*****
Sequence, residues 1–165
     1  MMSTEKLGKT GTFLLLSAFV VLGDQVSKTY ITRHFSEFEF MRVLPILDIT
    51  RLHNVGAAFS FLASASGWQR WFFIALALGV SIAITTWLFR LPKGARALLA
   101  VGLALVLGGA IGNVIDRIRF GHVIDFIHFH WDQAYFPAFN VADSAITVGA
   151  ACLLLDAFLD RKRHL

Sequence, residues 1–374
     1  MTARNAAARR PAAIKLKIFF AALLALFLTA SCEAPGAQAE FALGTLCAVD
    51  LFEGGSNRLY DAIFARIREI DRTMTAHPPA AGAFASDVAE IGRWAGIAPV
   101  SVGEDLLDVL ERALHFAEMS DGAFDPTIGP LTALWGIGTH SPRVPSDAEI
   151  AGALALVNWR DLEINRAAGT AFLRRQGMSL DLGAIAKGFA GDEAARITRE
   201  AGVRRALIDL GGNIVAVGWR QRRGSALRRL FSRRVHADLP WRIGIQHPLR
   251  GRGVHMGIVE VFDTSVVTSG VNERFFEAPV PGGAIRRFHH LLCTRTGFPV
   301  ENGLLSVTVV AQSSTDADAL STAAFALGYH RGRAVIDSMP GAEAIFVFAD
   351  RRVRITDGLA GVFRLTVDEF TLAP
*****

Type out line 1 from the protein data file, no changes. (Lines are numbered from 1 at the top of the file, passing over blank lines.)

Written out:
Sequence, residues 1–165